Category: General Publications
Title: 2013 Wildfire Season: An Overview, Southwestern U.S.
Author: Evans, A.M.
Abstract: Ecological restoration is a practice that seeks to heal degraded ecosystems by reestablishing native species, structural characteristics, and ecological processes. The Society for Ecological Restoration International defines ecological restoration as “an intentional activity that initiates or accelerates the recovery of an ecosystem with respect to its health, integrity and sustainability….Restoration attempts to return an ecosystem to its historic trajectory” (Society for Ecological Restoration International Science & Policy Working Group 2004). Most frequent-fire forests throughout the Intermountain West have been degraded during the last 150 years. Many of these forests are now dominated by unnaturally dense thickets of small trees, and lack their once diverse understory of grasses, sedges, and forbs. Forests in this condition are highly susceptible to damaging, stand-replacing fires and increased insect and disease epidemics. Restoration of these forests centers on reintroducing frequent, low-severity surface fires—often after thinning dense stands—and reestablishing productive understory plant communities. The Ecological Restoration Institute at Northern Arizona University is a pioneer in researching, implementing, and monitoring ecological restoration of frequent-fire forests of the Intermountain West. By allowing natural processes, such as low-severity fire, to resume self-sustaining patterns, we hope to reestablish healthy forests that provide ecosystem services, wildlife habitat, and recreational opportunities. The Southwest Fire Science Consortium (SWFSC) is a way for managers, scientists, and policy makers to interact and share science. SWFSC’s goal is to see the best science used to make management decisions and scientists working on the questions managers need answered. The SWFSC tries to bring together localized efforts to develop scientific information and to disseminate that to practitioners on the ground through an inclusive and open process. This publication would not have been possible without funding from the USDA Forest Service and the Southwest Fire Science Consortium. The views and conclusions contained in this document are those of the author(s) and should not be interpreted as representing the opinions or policies of the United States Government. Mention of trade names or commercial products does not constitute their endorsement by the United States Government or the ERI.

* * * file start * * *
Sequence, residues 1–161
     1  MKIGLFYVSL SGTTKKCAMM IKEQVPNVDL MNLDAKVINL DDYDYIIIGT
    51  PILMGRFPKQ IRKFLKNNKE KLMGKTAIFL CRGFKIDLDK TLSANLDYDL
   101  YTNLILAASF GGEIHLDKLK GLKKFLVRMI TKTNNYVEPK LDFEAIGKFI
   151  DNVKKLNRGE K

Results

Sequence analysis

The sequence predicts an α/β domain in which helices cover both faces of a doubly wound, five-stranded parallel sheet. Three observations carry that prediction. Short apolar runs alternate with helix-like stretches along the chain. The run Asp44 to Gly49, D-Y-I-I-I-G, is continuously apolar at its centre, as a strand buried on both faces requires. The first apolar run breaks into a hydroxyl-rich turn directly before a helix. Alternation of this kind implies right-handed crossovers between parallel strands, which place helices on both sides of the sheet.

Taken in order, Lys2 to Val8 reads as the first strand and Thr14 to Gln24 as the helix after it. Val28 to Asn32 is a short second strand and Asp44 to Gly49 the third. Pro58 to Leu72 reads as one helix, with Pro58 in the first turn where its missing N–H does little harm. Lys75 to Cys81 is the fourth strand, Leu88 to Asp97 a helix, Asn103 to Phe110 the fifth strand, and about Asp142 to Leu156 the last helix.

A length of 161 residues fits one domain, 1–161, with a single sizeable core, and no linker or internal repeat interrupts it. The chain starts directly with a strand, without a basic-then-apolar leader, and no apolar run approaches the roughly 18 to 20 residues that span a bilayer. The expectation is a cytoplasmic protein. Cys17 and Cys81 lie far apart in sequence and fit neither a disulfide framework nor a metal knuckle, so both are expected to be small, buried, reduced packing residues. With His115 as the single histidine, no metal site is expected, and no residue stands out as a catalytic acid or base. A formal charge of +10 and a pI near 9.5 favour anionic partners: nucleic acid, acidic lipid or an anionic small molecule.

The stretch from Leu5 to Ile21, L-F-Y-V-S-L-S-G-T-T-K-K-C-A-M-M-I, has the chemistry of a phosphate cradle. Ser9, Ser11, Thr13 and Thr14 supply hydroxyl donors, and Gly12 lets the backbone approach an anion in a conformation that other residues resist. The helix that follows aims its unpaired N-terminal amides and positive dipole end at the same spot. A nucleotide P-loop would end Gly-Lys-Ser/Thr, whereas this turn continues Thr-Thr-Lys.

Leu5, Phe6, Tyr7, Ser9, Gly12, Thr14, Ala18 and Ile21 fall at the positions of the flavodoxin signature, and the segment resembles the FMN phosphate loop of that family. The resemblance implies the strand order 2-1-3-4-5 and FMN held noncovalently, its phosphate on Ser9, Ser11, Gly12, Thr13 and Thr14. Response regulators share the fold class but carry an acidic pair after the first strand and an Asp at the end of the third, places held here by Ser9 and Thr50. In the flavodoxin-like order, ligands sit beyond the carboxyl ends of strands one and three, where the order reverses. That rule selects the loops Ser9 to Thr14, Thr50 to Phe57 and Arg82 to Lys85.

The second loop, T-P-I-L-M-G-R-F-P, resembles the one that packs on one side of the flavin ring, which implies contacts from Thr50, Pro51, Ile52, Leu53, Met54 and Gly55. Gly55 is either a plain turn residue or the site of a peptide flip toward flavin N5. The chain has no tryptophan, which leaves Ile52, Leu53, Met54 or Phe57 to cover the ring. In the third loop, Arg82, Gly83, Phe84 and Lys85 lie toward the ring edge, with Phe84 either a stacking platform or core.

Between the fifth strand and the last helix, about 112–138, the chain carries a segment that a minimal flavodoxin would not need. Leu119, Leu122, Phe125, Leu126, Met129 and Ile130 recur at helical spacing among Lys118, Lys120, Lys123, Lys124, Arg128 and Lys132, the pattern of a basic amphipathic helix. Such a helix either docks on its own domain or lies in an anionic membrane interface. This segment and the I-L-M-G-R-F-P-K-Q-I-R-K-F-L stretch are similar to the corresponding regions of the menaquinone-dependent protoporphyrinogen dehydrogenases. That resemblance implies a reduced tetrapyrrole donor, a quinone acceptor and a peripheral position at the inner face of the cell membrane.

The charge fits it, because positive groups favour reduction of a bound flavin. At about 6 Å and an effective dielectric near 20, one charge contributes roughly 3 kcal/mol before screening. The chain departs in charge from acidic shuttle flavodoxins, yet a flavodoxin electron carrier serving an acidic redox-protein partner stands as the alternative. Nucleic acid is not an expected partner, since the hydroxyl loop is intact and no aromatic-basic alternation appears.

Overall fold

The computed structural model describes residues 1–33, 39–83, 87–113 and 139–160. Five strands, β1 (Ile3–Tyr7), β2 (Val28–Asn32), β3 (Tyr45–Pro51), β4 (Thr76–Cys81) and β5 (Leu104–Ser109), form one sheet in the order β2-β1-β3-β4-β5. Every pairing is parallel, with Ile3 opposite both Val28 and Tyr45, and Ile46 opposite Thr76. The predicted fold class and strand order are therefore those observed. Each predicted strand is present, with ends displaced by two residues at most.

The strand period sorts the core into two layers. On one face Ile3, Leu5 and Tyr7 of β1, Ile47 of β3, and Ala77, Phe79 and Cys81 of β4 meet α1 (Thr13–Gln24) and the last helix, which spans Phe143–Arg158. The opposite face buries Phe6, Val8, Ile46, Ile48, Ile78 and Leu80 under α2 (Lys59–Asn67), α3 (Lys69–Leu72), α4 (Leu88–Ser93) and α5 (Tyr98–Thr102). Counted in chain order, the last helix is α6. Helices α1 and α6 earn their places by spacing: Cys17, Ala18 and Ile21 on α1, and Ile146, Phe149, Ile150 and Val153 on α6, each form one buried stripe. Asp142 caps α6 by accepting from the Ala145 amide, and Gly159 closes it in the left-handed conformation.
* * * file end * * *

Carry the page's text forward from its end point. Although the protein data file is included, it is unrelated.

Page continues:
Source: Ecological Restoration Institute
Publisher: Ecological Restoration Institute/SouthWest Fire Consortium/NAU